On December 10th, 2001, the Supreme Court held that Utility patents may be issued for plants under 35 U.S.C. 101 despite distinct protections available under the Plant Variety Protection Act and the Plant Patent Act. Affirming the Federal Circuit’s ruling by a majority vote, Justice Clarence Thomas explained that the broad scope of Section 101 was established in Diamond v. Charkrabarty and that nothing in the PVPA or the PPA precluded granting utility patent coverage to plants. The Court also used as one of it’s arguments the fact that while Congress has had ample opportunity to modify existing utility patent protections afforded to plants, chose not to do so. This argument was one which BIO advanced in its brief before the Court.
Throughout history, agricultural science has been an important economic force in the global community. Biotechnology utilizes advanced plant breeding technologies to introduce beneficial traits to the crops grown for food and fiber.
These innovative agricultural developments have been accelerated by the promise of intellectual property protection on resulting agricultural products. The U. S. Congress has provided three distinct but complementary forms of intellectual property protection for different types and degrees of agricultural innovation. These protections are: 1.) The utility patent, granted under 35 U.S.C. 101 for technical inventions; 2.) The plant patent, for vegetatively propagated plants - plants grown from cuttings rather than seeds, including ornamental flowers and fruit cultivars; and, 3.) The Plant Variety Protection Certificate, a form of intellectual protection created in 1970 for plants grown from seed.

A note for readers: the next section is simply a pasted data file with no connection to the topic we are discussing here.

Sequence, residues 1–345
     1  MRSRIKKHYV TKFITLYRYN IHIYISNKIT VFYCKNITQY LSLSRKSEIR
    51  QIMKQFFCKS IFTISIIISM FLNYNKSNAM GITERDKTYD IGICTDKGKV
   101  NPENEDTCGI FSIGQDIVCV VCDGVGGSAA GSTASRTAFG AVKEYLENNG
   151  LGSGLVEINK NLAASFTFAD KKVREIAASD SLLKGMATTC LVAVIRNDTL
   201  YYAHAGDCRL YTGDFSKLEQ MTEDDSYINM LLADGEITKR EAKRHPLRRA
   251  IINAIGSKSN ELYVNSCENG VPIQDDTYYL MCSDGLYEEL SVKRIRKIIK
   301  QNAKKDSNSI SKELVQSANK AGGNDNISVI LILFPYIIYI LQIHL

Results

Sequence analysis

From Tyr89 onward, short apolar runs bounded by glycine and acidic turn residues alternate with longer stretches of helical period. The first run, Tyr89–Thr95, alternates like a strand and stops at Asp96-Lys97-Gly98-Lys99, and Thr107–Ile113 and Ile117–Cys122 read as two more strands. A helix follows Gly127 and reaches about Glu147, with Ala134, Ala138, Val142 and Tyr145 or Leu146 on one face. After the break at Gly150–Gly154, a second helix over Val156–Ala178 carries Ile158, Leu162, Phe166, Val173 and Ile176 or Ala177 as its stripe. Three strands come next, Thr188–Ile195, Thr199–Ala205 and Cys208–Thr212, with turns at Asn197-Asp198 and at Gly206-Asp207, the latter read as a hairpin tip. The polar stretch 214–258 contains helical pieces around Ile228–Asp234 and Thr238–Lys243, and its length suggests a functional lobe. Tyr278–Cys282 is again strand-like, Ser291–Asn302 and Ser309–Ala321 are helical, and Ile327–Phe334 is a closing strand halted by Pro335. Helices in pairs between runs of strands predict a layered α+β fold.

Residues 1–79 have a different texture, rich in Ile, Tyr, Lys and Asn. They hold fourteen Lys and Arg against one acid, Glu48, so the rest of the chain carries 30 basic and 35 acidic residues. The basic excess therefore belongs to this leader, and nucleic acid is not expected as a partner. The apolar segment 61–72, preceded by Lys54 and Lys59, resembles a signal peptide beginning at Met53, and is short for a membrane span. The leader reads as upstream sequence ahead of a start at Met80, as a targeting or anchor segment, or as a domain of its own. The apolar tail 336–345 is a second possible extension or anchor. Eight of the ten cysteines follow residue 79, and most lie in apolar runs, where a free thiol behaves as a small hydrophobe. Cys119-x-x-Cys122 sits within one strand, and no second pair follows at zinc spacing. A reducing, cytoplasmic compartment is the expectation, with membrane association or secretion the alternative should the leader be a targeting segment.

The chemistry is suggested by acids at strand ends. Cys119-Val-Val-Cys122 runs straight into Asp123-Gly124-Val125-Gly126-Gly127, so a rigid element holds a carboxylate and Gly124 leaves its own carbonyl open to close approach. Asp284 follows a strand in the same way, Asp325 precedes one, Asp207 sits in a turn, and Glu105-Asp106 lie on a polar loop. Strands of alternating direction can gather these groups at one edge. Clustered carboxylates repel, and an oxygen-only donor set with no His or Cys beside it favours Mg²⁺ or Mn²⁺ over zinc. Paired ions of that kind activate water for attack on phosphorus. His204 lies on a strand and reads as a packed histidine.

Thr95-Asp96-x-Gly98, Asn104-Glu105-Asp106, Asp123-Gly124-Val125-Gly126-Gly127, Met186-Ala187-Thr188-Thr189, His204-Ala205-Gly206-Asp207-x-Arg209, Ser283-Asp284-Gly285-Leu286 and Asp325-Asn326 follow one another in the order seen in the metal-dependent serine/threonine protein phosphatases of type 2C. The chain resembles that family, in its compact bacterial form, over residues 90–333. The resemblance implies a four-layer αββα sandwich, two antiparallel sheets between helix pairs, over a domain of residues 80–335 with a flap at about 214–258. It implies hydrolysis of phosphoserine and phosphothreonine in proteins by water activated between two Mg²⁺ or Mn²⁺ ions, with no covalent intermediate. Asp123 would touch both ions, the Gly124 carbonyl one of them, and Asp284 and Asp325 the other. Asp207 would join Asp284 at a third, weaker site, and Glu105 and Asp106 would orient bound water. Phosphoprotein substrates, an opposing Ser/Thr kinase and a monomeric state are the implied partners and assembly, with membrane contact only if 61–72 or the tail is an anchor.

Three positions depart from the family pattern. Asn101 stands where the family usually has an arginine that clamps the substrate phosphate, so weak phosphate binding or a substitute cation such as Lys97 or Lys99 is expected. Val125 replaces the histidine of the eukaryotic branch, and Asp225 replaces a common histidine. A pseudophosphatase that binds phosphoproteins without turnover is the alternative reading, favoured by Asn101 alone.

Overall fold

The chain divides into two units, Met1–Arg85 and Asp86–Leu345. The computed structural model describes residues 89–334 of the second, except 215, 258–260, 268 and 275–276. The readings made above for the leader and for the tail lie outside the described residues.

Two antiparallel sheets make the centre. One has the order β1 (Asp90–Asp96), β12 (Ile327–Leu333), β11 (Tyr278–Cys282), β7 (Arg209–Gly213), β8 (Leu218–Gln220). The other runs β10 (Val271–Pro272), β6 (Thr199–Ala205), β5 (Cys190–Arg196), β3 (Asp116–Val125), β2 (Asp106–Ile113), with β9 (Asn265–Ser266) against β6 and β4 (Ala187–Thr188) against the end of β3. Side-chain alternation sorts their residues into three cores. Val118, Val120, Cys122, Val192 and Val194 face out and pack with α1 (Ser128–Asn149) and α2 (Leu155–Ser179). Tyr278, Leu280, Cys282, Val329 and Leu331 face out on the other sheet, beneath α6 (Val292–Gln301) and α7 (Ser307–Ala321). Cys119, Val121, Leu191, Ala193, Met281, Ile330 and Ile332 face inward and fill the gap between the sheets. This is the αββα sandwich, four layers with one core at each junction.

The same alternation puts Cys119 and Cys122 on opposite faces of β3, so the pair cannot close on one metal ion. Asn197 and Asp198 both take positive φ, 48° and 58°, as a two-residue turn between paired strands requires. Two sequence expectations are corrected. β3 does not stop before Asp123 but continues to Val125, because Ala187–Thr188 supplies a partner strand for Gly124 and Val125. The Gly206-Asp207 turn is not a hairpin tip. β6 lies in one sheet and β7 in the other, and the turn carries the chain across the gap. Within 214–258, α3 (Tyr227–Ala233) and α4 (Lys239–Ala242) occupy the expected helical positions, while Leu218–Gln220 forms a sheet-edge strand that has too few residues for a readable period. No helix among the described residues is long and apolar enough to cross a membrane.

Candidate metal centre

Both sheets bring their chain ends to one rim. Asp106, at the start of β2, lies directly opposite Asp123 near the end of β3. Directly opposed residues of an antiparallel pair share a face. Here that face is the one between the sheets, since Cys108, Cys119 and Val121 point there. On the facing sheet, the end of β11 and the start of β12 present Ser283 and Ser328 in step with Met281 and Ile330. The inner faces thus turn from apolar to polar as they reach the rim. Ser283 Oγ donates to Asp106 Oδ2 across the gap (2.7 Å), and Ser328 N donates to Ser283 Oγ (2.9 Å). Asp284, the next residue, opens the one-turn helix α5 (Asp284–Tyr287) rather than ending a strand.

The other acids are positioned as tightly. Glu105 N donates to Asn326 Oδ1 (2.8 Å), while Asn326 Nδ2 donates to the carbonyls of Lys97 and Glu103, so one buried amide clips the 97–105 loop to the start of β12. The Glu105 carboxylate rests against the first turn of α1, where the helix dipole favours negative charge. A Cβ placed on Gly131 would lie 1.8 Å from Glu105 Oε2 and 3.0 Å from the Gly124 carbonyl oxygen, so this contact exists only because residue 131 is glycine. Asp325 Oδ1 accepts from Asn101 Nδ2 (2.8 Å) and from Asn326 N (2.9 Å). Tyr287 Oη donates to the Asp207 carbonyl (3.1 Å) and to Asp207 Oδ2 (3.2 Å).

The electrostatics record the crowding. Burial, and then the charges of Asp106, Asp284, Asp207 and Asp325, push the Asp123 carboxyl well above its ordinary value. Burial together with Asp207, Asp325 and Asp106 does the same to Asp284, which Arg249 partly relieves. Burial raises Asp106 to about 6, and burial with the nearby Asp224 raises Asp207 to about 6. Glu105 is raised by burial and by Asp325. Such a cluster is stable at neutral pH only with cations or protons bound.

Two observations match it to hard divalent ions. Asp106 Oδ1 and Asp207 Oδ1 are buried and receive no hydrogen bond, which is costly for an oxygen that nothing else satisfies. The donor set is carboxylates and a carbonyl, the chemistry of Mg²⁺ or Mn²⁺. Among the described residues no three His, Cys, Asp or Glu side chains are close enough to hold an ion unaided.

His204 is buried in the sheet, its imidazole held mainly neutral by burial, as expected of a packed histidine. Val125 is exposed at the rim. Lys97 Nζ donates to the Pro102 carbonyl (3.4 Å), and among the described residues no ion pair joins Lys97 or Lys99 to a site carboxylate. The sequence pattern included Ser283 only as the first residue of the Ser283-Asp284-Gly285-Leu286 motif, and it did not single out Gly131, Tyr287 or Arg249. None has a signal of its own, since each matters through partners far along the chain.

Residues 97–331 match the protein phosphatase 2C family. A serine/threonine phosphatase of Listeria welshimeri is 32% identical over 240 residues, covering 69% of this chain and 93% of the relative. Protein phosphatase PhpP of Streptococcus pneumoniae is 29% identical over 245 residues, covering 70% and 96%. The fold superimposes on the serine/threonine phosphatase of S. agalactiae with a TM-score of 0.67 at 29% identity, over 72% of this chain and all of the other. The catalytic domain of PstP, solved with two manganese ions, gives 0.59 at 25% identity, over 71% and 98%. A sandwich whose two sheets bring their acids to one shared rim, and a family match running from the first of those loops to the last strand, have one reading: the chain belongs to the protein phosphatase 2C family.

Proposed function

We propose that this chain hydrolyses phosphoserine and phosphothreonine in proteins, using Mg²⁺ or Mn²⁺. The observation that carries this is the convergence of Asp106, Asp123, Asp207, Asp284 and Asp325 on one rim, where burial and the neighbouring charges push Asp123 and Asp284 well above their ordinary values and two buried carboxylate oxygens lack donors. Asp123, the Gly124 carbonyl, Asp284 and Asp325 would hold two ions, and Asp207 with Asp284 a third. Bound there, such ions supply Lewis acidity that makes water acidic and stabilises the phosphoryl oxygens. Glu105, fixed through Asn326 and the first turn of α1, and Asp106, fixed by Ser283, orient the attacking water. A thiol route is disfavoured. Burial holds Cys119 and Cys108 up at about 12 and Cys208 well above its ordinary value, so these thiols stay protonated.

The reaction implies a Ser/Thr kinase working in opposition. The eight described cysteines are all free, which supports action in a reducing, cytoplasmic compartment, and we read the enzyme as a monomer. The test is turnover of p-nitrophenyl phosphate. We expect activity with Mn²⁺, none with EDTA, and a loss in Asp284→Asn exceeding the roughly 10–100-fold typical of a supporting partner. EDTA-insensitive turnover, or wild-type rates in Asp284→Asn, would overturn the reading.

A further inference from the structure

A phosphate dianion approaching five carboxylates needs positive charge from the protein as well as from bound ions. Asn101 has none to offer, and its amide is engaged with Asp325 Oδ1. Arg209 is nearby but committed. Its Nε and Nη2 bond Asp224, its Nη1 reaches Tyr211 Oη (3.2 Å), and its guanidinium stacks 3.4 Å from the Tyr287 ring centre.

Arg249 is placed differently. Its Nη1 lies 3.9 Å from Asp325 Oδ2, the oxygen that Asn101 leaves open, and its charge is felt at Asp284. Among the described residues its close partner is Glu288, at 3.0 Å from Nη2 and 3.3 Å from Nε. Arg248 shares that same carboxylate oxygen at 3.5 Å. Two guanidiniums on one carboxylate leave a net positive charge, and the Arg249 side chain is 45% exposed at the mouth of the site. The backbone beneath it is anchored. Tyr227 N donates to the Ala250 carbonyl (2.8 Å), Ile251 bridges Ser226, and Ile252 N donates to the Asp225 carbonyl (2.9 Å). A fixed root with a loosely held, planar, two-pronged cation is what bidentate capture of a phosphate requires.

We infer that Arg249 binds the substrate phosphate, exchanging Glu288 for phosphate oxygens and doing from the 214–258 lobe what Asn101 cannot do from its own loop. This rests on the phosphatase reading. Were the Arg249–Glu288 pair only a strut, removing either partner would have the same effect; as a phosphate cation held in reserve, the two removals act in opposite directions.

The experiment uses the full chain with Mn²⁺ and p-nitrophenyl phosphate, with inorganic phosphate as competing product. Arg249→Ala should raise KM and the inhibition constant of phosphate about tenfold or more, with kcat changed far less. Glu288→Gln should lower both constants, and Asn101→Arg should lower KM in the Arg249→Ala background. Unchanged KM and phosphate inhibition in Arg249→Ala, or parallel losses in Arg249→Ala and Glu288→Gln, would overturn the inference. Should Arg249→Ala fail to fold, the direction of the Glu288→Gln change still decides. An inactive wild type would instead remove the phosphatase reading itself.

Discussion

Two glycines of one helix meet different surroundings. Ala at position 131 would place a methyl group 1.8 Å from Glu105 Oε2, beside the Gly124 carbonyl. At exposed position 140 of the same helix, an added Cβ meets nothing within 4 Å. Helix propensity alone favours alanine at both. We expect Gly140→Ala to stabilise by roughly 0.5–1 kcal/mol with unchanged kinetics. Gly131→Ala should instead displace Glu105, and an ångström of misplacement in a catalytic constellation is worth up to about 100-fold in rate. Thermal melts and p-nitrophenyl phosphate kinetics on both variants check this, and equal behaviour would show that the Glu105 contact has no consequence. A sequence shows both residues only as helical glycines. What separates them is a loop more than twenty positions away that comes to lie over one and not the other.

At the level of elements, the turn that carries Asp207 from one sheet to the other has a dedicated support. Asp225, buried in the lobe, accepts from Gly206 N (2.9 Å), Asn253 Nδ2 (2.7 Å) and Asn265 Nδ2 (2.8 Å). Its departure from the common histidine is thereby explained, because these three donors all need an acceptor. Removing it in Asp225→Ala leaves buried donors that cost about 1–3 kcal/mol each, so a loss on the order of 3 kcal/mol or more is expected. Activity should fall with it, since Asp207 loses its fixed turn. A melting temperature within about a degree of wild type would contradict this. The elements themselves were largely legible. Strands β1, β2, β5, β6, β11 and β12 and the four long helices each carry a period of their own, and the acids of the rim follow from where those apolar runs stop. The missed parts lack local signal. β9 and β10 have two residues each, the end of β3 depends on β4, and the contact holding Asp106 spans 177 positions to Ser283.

The U.S. Patent and Trademark Office (PTO) administers the first two protections. The third is separate from the patent statute and is administered by the Department of Agriculture.
On October 3, 2001 the Supreme Court heard the case of J.E.M. Agricultural Supply v. Pioneer Hi-Bred. In this case, Pioneer Hi-Bred filed a patent infringement suit against J.E.M. Agricultural Supply (JEM) for selling hybrid corn seeds patented by Pioneer Hi-Bred. JEM counter sued, which led to the Supreme Court oral hearing.